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Guinea pig diet crucial for optimal nutrition and health

Guinea pigs require good nutrition - including fresh produce daily - in order to thrive.
Guinea pigs require good nutrition - including fresh produce daily - in order to thrive.
P O'Beollain

Once you have obtained the proper housing for your guinea pig (see suggested links at the end of this article), you need to educate yourselves as to their proper diet. Good-quality commercial guinea pig pellets and fresh timothy hay should make up the bulk of your pet’s diet. Guinea pigs have continuously-growing teeth, and unlimited timothy hay will help keep your guinea pig’s teeth in good shape and will regulate his digestive system. Quality guinea pig food pellets are nutritionally complete and 1/8 cup daily (per pig) is the recommended amount; discard any leftover pellets after 24 hours and replace with fresh pellets.

The ASPCA recommends offering small amounts of fresh fruit and vegetables to your guinea pigs every day. Guinea pigs cannot manufacture Vitamin C as other animals do, so you need to offer them produce that is high in vitamin C every single day. A quarter slice of orange is fine, but kale, dandelion greens and strawberries are also high in vitamin C. Other produce that is safe and healthy for piggies include grapes, pears, apple, sweet potatoes, cucumbers, corn, peas, and carrots. Half a handful of veggies and a small slice of fresh fruit per pig is plenty. Introduce new fruits and veggies gradually to avoid digestive upsets. If your guinea pig develops loose stool, cut back on the amount of fresh produce for a few days, then gradually reintroduce it in very small portions. Be sure to clean up any leftover fresh food before it spoils.

Use a ceramic food dish instead of a plastic one, as the plastic ones are easily overturned and can be chewed up. Use a wide, shallow bowl as guinea pigs like to place their front feed on the bowl while eating, and a wide, shallow bowls lessens the likelihood that the piggie will overturn the bowl. Food bowls need to be placed away from the guinea pig toileting area, and need to be spot cleaned during the week and washed with soap and water (and dried!) once a week. Fresh, clean water should be available at all times; use a water bottle with a drinking tube and change the water daily.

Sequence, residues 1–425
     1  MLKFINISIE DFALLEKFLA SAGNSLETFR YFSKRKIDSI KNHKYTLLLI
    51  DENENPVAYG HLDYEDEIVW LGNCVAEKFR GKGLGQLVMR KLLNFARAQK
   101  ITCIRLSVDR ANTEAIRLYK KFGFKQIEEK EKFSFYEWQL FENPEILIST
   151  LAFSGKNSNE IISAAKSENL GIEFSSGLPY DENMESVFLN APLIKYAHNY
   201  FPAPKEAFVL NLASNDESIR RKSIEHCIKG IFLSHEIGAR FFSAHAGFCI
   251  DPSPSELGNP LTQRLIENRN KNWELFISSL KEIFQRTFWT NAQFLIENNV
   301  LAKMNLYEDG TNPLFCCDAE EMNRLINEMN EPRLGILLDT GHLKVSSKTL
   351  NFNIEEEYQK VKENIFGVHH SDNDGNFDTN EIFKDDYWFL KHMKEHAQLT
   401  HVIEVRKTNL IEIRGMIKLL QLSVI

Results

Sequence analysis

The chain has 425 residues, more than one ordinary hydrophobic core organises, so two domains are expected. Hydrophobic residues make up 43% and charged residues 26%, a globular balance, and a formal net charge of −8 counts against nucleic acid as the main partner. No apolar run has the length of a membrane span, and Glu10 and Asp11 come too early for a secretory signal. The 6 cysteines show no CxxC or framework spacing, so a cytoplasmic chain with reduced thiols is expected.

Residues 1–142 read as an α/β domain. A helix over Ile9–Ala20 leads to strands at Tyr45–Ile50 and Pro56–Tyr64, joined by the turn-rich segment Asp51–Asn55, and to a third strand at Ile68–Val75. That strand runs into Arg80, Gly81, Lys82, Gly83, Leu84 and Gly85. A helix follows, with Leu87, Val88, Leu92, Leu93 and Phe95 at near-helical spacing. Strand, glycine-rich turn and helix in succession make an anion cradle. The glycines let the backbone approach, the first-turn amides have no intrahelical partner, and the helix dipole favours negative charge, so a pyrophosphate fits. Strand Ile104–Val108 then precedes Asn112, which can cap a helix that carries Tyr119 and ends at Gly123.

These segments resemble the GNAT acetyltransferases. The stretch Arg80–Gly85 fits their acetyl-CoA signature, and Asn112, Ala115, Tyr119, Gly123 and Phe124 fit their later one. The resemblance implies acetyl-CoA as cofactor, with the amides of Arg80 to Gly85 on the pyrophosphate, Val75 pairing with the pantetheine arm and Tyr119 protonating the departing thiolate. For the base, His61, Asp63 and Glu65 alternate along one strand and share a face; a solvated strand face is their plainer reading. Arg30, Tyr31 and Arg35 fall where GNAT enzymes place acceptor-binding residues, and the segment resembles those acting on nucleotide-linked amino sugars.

Time for a treat? Commercial treats marketed for guinea pigs and other small pets are generally loaded with artificial sweeteners such as high fructose corn syrup or sucrose; these provide little to no nutritional value, lots of empty calories and are not good for the pet’s health and weight. Save yourself some money and offer your piggie treats of small amounts of fruits and vegetables. For a special treat, you could offer a generous pinch of rolled oats or some SHELLED sunflower seeds. NEVER give guinea pigs unhulled (unshelled) sunflower seeds or unshelled pumpkin seeds, as these are a choking hazard.

Multivitamins and mineral wheels are both low-priority items: if you’re feeding your guinea pig a proper diet they won’t need either of these items. The glues and adhesives that hold mineral and salt wheels together may not be harmful but at the least they are not healthy. The bleaching process used in manufacturing the ‘white’ salt wheels adds unnecessary chemicals into your pig’s diet. This author has never known of a guinea pig who has become ill from a mineral or salt wheel but neither are they basic necessities.

Guinea pigs have aridacular (constantly-growing) teeth, just like other rodents (and rabbits, although rabbits are not rodents, they are lagomorphs). Your guinea pig is going to need something to keep those teeth worn down - branches and twigs from untreated trees will work, as will any small piece of wood that has not been chemically treated.

If you are looking to adopt a guinea pig(s), check with local shelters - the Humane Society of Greater Dayton regularly has guinea pigs available for adoption, as do Robyn's Nest Rescue in Miamisburg, Ohio.

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